notes on anatomy of lisp chapter 1



Audio Log This terminal can not view this object. I think it makes the most sense to keep a record of what I'm thinking about everything I'm going over in case it provides insight to this truly ancient document. Anatomy of LISP - Preface "It is important not to lose sight of the fact that there is a difference between training and education. If computer science is a fundamental discipline, then university education in this field should empathize enduring fundamental principles rather than transient current technology." Peter Wegner, Three Computer Cultures [Weg 70] This text is nominally about LISP and data structures. However, in the process it covers much broader ares of computer science. The author has long felt that the beginning student of computer science has been getting a distorted and disjoined picture of the field. In some ways this confusion is natural; the field has been growing at such a rapid rate that few are prepared to be judged experts in all areas of the discipline. The current alternative seems to be to give a few introductory courses in programming and machine organization followed by relatively specialized courses in more technical areas. The difficulty with this approach is that much of the technical material never gets related., the student's perspective and motivation suffer in the process. This book see LISP as a means for relating topics which normally get treated in several separate courses. The point is not that we can do this in LISP, but rather that it is natural to do it in LISP. The high-level notation for algorithms is beneficial in explaining and understanding complex algorithms. The use of abstract data structures and abstract :ISP programs shows the intent of structured programming and step-wise refinement. Much of the current work in the mathematical theories of computation is based on LISP-like languages. Thus LISP is a formalism for describing algorithms, for writing programs, and for proving properties of algorithms. We use data structures as the main thread in our discussions because a proper appreciation of data structures as abstract objects is a necessary prerequisite to an understanding of modern computer science. The importance of abstraction obviously goes much farther than its appearance in LISP. Abstraction has often been used in other disciplines as a means for controlling complexity. In mathematics, we frequently are able to gain new insights be recasting a particularly intransigent problem in a more general setting. Similarly, the intent of an algorithm expressed in a high-level language like Fortran or PL/1 is more readily apparent than its machine-language equivalent. These are both examples of the use of abstraction. Our use of abstraction will impinge on both the mathematical and the programming aspects. Initially, we will talk about data structures as abstract objects just as the mathematician takes the natural numbers as abstract entities. We will attempt to categorize properties common to data structures and introduce notation for describing functions defined on these abstractions. At this level of discussion we are thinking of our LISP-like language primarily as a notational convenience rather than a computational device. However, after a certain familiarity has been established it is important to look at our work from the viewpoint of computer science. Here we must think of the computational aspects of our notation. We must be concerned with the representational problems: implementation on realistic machines, and efficiency of algorithms and data structures. However, it cannot be over-emphasized that our need for understanding is best served at the higher level of abstractions the advantage of a high-level language is notational rather than computational. That is, it allows us to think and represent our algorithms in mathematical terms rather than in terms of the machine. It is after a clear understand of the problem is attained that we should begin thinking about representation. We can exploit the analogy with traditional mathematics a bit further. When we write sqrt(x) in Fortran, for example, we are initially only concerned with sqrt as a mathematical function defined such that x = sqrt(x) * sqrt(x). We are not interested in the specific algorithm used to approximate the function intended in the notation. Indeed, thought of as a mathematical notation, it doesn't mater how sqrt is computed. We might wish to prove some properties of the algorithm which we are encoding. If so, we would only use the mathematical properties of the idealized square root function, Only later, after we had convinced ourselves of the correct encoding of our intention in the Fortran program, would we worry about the computational aspects of the Fortran implementation sqrt. The typical user will never proceed deeper into the representation that there; only if his computation is lethargic due to inefficiencies, or inaccurate due to uncooperative approximations, will she look at the actual implementation of sqrt. Just as it is unnecessary to learn machine language to study numerical algorithms, it is also unnecessary to learn machine language to understand non-numerical or data structure processes. We make a distinction between data structures and storage structures. Data structures are abstractions, independent of how they are implemented on a machine. Data structures are representations of information chosen to exhibit certain ordering and accessibility relationships between data items. Storage structures are particular implementations of the abstract ideas. Certainly we cannot ignore storage structures when we are deciding upon the data structures which will encode the algorithm, but the interesting aspects of the representation of information can be discussed at the level of data structures with no loss of generality. The mapping of data structures to storage structures is usually quite machine dependent and we are more interested in ideas than coding tricks. We will see that it is possible, and most beneficial, to structure our programs such that there is a very clean interface between the abstract algorithm and the chosen representation. That is, there will be a set of representation-manipulating programs to test, select or construct elements of the domain; and there will be a program encoding the algorithm. Changes of the representation only require changes to the programs which access the representation, not to the basic program. One important insight which should be cultivated in this process is the distinction between the concepts of function and algorithm. The idea of function is mathematical and is independent of any notation of computational the meaning of "Algorithm" is computational, the effect of an algorithm being to compute a function. This text is not meant to be a programming manual for LISP. A certain amount of time is spent giving insights into techniques for writing LISP functions. There are two reasons for this. First, the style of LISP programming is quite different than of "Normal" programming. LISP was one of the first languages to exploit the virtues of recursive programming and explore the power of procedure-valued variables. Second, we will spend a great deal of time discussing various levels of implementation of the language. LISP is an excellent medium for introducing standard techniques in data structure manipulation. Techniques for implementation of recursion, implementation of complex data structures, storage management, and symbol table manipulation are easily motivated in the context of language implementation. Many of these standard techniques first arose in the implementation of LISP. But it is pointless to attempt a discussion of implementation unless the reader has a thorough grasp of the language. Granting the efficacy of our endeavor in abstraction, why study LISP? LISP is at least fifteen years old and many new languages have been proposed. [ 15 years my ass. This shit was old when this document was first created, who knows how long it has been since then? ] The difficulty is that the appropriate combination of these features is not present in any other language. LISP unifies and rationalizes many divergent formulations of language constructs. One might surmise that a new language, profiting from LISP's experience, would make a better pedagogical tool. A strong successor has not arrived, and toy languages a suspect for several reasons. The student may suspect that She is a subject in a not too clever experiment being performed upon her by her instructor. Having a backlog of fifteen years of experience and example programs should do much to alleviate this discomfort. The development of LISP also shows many of the mistakes that the original implementers and designers made. We will point out the flaws and pitfalls awaiting the unwary language designer. We claim the more interesting aspects of LISP for students of computer science lie not in its features as a programming language, but in what it can show about the structure of computer science. There is a rapidly expanding body of knowledge unique to computer science, neither mathematical nor engineering per se. Much of this area is presented most clearly by studying LISP. Again there are two ways to look at a high level language: as a mathematical formalism, and as a programming language. LISP is a better formalism than most of its mathematical rivals because there is sufficient organizational complexity present in LISP so as to make its implementation a realistic computer science task and not just an interesting mathematical curiosity. Much of the power of LISP lies in its simplicity. The data structures are rich enough to easily describe sophisticated algorithms but not so rich as to become obfuscatory. Most every aspect of the implementation of LISP and its translators has immediate implications to the implementation of other languages and to the design of programming languages in general. We will describe language translators (interpreters and compilers) as LISP functions. The structure of these translators when exposed as lisp functions aids immensely in understanding the essential character of such translators. This is partly due to the simplicity of the language, but perhaps more due to our ability to go right to the essential translating algorithm without becoming bogged down in details of syntax. LISP has very important implications in the field of programming language semantics, and is the dominant language in the closely related study of provability of properties of programs. The idea of proving properties of programs has been around for a very long time. Goldstein and con Neumann were aware of the practical benefits of such endeavors. J. McCarthy's work in LISP and the THEORY OF COMPUTATION sought to establish formalisms and rules of inference for reasoning about programs. However, the working programmers recognized debugging as the only tool with which to generate a "Correct" program, though clearly the non-occurrence of bugs is no guarantee of correctness. Until very recently techniques for establishing correctness of practical programs simply did not exist. A resent set of evens is beginning to change this. Programs are becoming so large and complex that, even though we write in a high-level language, our intuitions are not sufficient to sustain us when we try to find bugs. We are literally being forced to look beyond debugging. The formalisms are maturing. We know a lot more about how to write "Structured programs"L we know how to design languages whose constructs are more amenable to proof techniques. And most importantly, the tools we need for expressing properties of programs are finally being developed. The development of on-line techniques. The on-line system, with its sophisticated display editors, debuggers and file handlers, is the only reason that the traditional means of construction and modification of complex programs and systems has been able to survive this long. The interactive experience can now be adapted to program verifiers and synthesizers. This view of the programming process blends well with the LISP philosophy. We will show that the most natural way to write LISP programs is "Structured" in the best sense of the word, being clean in control structure, concise by not attempting to do too much, and independent of a particular data representation. Many of the existing techniques for establishing correctness originated in McCarthy's investigations of LISP; and some very recent work on mathematical models for programming languages is easily motivated from a discussion of LISP. LISP is the starting point for those interested in Artificial Intelligence. [ so blatantly admitting that? Is this before the convention?! Just how old is this?! ] It is no longer the "Research" language, but has become the "Systems" language for A.I. Today's research languages are built on LISP, using LISP as a machine language. Finally there are certain properties of LISP-like languages which make them the natural candidate for interactive program specification. In the chapter on implications of LISP we will characterize "LISP-like" and show how interactive methods can be developed. This text is primarily designed for undergraduates and therefore an attempt is made to make it self-contained. There are basically five areas in which to partition topics: the mechanics of the language, the evaluation of expressions in LISP, the static structure of LISP, the dynamic structure of LISP, and the efficient representation of data structures and algorithms. Each area builds on the previous. Taken as a group these topics introduce much of what is interesting computer science. The first area develops the programming philosophy of LISP the use of data structures in programming the language primitives, recursion, and other control structures. The second area, involving a careful study of the meaning of evaluation in LISP, gives insights into other languages and to the general question on implementation. The next two areas are involved with implementation. The section on static structure deals with the basic organization of memory for a LISP machine -- be it hardware or simulated in software. The dynamics of LISP discusses the primitive control structures necessary for implementation of the LISP control structures and procedure calls. LISP compilers are discussed here. The final section relates our discussion of LISP and its implementation to the more traditional material of a data structures course. We discuss the problems of efficient representation of data structures. By this point the student should have a better understand of the uses of data structures and should be motivated to examine these issues with a better understanding. A large collection of problems has been included. The reader is urged to do as many as possible. The problems are mostly non-trivial; they attempt to be realistic, introducing some new information which the readers should be able to discover themselves. There are also a few rather substantial projects. At least one should be attempted. There is a significant difference between being able to program small problems and being able to handle large projects. Small programming projects can be accomplished in spite of any admonitions about "Good programming style". A large project is an effective demonstration of the need for elegant programming techniques. The text is large and covers much more than is recommended for a one-semester course. A typical one semester course on data structures covers: Chapter 1: all Chapter 2: without 2.4, 2.5, and 2.10 Chapter 3: without the mathematical aspects of 3.13 Chapter 4: without 4.7, 4.8, and the mathematical aspects of 3.13 Chapter 5: without 5.8, 5.19, and 5.20 Chapter 6: without 6.8, and 6.12 through 6.20 Chapter 7: without 7.5, 7.6, and 7.10 through 7.14 Chapter 8 is also optional. If a good interactive LISP implementation is available, then the pace can be quickened and the projects enlarged. However, if only a poor or mediocre implementation is accessible, then the course time is better spent without any actual programming, or the course should be augmented to include and implementation laboratory. LISP is an interactive language; attempts at other modes of operation do a disservice to both the language and the user. Finally as a note on the structure of the text. The Emphasis flows from the abstract to the specific, beginning with a description of the domain of LISP functions and the operations defined over that domain, and moves to a discussion of the details of efficient implementation of LISP-like languages. The practical-minded programmer might be put off by the "Irrelevant" theory and the theoretical-minded mathematician might be put off by the "Irrelevant" details of the implementation. If you lie somewhere between these two extremes, then welcome. Notes It seems like this is the real deal. I have sent some new search terms to the archivists To see if they can find anything related to LISP and artificial intelligence. It seems like this may have been the term they used to refer to thinking machines. Looking at the next section it may not be possible to directly include the full text This terminal is somewhat limited so I am not sure exactly how to encode all the Pictographic information. .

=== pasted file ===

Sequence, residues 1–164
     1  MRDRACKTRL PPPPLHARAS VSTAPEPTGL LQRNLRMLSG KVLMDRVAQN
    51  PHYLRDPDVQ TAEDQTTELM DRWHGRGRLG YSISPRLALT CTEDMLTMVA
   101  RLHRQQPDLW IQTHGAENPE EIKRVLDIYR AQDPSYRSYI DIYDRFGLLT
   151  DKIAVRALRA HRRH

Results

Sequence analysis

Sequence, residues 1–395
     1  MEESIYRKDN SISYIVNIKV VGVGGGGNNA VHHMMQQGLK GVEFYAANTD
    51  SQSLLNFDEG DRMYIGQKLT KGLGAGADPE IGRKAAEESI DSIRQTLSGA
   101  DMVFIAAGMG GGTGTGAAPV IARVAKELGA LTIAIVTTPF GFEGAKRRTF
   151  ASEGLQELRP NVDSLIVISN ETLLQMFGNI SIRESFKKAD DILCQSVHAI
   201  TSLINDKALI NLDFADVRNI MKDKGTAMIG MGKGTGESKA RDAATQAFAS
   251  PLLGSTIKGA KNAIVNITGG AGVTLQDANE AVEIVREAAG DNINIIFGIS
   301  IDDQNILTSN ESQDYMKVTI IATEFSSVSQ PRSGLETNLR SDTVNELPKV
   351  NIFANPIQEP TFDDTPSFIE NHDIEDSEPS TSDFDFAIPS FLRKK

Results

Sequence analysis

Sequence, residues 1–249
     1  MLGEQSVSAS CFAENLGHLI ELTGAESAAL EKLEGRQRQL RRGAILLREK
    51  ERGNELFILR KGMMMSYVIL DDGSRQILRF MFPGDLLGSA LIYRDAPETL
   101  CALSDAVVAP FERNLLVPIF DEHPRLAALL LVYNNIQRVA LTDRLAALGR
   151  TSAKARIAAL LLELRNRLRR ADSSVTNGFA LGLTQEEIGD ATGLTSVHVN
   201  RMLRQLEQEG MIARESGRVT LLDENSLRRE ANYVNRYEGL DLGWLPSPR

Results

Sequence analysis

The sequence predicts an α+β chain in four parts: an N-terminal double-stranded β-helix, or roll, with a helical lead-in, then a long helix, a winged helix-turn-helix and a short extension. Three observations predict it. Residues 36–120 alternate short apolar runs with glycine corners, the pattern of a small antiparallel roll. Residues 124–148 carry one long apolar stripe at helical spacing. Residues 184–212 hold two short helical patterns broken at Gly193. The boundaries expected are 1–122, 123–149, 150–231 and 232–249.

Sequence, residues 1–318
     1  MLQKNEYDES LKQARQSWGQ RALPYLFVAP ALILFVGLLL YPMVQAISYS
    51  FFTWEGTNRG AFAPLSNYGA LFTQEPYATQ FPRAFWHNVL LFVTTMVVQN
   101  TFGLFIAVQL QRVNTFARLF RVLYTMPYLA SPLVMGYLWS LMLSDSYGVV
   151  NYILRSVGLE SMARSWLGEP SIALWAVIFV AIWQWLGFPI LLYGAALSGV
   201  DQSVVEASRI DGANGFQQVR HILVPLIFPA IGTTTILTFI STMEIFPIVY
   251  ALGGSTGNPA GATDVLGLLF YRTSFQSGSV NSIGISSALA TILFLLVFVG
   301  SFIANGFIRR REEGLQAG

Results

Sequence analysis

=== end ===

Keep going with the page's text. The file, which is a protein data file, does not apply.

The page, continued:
incoming references